I had mentioned in another thread that my theory for why some of us were seeing new sensors not last as long as before had to do not with the sensors themselves, but with the receivers (that have had their software updated):
I have been using a new sensor & transmitter with 2 different receivers (thanks to Clare, I didn't know that was possible :-) for 10 days now.
One receiver was my old one that I have had for 15 months (revision number: 184.108.40.206) and one is the new replacement receiver I got this past January (revision number: 220.127.116.11).
I got the flu yesterday so this morning I took a bath and had both receivers right next to one another and noticed this when I came out of my bath:
Can you guess which receiver is the new one?
The receiver that didn’t miss a signal was my old one with revision number: 18.104.22.168, and the receiver below it (that missed 2 data points given the exact same broadcast signal from the same exact transmitter is my new receiver with revision number: 22.214.171.124.
Given that the receivers were right next to one another, the only other explanation that I could think of was that the receivers took their readings at different times… but this is not the case because when my sugars go low they both alert me at the exact same time (the beeps are in sync with one another) so it must be the transmitter that broadcasts every 5 minutes (rather then the receiver that accepts the signal when it decides to).
Anyway, this is obviously just one data point (or 2 points in this case but it does seem very odd that 2 receivers getting the exact same signal would yield such different results.
It’s almost as if the new revision number does not trust the readings it gets from its own transmitter or something!
You can find out exactly when the dexcom receiver gets the reading on the xml report. Go to the studio software. Under the patients tab click on your name, then export data. It will ask you for the date range you want to export. It exports it to your documents as an xml file which you can look at and find out exactly to the second when the receiver gets the reading. The receiver on top is the older receiver the one on the bottom is newer. But the sensor is also 2 weeks old in this picture and 3 weeks old today so it wouldn't surprise me if it dropped a few points here and there. Also both receivers gave me a false low at 2 am both said 47 and my blood sugar was 110 and 112 on separate fingersticks.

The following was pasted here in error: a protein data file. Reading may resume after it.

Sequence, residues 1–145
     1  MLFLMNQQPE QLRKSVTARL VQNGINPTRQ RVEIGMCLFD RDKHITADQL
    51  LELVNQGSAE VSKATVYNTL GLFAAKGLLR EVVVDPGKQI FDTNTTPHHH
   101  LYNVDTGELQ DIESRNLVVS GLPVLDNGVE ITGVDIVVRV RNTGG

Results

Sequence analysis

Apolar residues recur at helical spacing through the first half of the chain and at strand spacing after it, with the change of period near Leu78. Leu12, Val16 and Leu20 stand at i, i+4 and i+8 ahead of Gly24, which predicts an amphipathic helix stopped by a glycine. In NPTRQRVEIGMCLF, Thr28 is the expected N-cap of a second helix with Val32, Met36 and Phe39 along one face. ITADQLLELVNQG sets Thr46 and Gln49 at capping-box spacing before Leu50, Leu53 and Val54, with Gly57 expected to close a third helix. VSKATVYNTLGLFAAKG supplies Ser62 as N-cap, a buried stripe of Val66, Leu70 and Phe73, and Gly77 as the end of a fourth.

Just curious....How and why do you have 2 G4 receivers? I can see the benefit with a child - 1 with the parent and 1 with the child. Does your insurance pay for a new one every so often - or did you purchase an extra one? Aren't they warranted for 4 years or so? How does having 2 benefit you? Just curious/nosy.
(I meant to ask both of you - bort269 and Clare.)
Hey Nevada, I have 2 receivers because insurance covered the second receiver after a year. They're only warrantied for 1 year.
I plugged my receiver in to my computer one day and got a message about the USB failing to connect properly and the receiver would not charge up. So I called Dexcom and they said you are out of warranty so we will send you a new one. In the meantime someone here suggested doing a "hard reset" which I did and which made the old receiver work again. So that is how I ended up with 2 that work.
The benefit for me personally is I don't have to be without the CGM data during the 2 hour calibration period. Necessary absolutely not, beneficial sure.
This is interesting! Even if they read at different times, I could understand a receiver missing one reading because it read at a different time, but two is unlikely.
I'll be really interested to see whether the older receiver takes readings for more days than the new...Please keep us posted.